It is not easy, nor without risk, to stand up in moments of crises and doubt. The mishnah, by using the same story, connects all of the pieces and encourages us that even if there is ‘risk’ involved in taking the right action, the declaring of one’s identity as a Jew is ideal, even if it might cause a little danger. This project of fighting for one’s identity and truth is not always neat and clean. Joseph did it in the Bible. The Maccabbees did it in ancient history. The builders of the State of Israel are doing it today. What will we do this Chanukah to continue this rich legacy?

Blessings for a wonderful Shabbat and a fantastic beginning of the Festival of Lights!

Chag Sameach!

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Brotherly Love Fri, 16 Dec 2016 12:54:46 +0000 This week, I want to do a careful reading of a few verses in the beginning of the parsha and see if we can learn a message hiding within the Hebrew phrasing (it will help to look at the Hebrew of verses in Genesis 32:4, 7, and 12).

In verse 4, Jacob is sending his messengers to “his brother Esau”, and that is exactly what the Hebrew says (el eisav achicha). We see a subtle change when the messengers return in verse 7 to report back to Jacob that they had met with Esau. They say, “We came to your brother, to Esau.” (el achicha el eisav). And then when Jacob offers a prayer in verse 12, he mirrors the repetition of the messengers when he prays, “Save me please from the hand of my brother, from the hand of Esau!” (m’yad achi m’yad eisav).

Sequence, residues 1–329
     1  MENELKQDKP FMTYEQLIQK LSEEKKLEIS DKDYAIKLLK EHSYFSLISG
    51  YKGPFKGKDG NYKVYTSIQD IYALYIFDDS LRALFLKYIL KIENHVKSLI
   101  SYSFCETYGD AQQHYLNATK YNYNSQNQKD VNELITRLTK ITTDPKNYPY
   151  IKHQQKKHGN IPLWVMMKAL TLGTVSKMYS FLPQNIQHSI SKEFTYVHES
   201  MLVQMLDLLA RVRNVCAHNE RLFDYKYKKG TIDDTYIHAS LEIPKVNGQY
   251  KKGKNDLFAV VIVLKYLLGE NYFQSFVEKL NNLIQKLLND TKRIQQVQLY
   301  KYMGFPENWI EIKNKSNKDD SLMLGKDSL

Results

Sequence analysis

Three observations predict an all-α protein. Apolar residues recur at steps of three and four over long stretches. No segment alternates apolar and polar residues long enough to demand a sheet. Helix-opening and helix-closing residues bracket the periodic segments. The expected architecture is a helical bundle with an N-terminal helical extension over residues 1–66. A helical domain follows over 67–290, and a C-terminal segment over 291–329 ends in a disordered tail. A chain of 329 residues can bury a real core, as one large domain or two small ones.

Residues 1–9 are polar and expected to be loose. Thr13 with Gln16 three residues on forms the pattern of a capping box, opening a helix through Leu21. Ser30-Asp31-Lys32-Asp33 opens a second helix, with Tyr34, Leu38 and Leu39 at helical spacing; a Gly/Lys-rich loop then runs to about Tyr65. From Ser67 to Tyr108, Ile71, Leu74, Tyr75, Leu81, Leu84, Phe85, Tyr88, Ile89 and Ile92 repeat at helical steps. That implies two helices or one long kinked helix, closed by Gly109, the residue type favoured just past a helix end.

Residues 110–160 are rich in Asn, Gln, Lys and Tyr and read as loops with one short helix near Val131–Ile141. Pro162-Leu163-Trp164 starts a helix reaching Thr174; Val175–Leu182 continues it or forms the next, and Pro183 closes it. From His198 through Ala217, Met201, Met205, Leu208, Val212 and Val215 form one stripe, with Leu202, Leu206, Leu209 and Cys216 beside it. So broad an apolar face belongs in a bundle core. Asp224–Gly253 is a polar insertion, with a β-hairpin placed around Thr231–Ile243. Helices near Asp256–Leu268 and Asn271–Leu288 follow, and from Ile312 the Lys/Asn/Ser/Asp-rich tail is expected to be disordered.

Esentially, the first statement from Jacob is the simplest, and he speaks of ‘his brother Eisav.’ The next two have an extra word and seem to forcibly break the connection between ‘brother’ and ‘Esau.’
I want to suggest that after all of the years of separation between the two brothers, Jacob is returning and gives the benefit of the doubt to his brother Esau. Yes, when he fled from Esau many years earlier, it was because Esau was planning to kill him. Now, the cautious hope is that he will behave towards him as a ‘brother’ and there will be reconciliation. That’s why he sends the messengers to ‘his brother Esau.’